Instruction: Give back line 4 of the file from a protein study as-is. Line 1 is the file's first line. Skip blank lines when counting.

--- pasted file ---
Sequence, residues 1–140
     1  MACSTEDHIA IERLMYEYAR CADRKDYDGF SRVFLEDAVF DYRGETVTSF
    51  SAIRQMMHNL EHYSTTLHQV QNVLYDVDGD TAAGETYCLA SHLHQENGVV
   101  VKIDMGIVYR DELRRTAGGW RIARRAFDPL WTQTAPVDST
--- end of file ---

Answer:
   101  VKIDMGIVYR DELRRTAGGW RIARRAFDPL WTQTAPVDST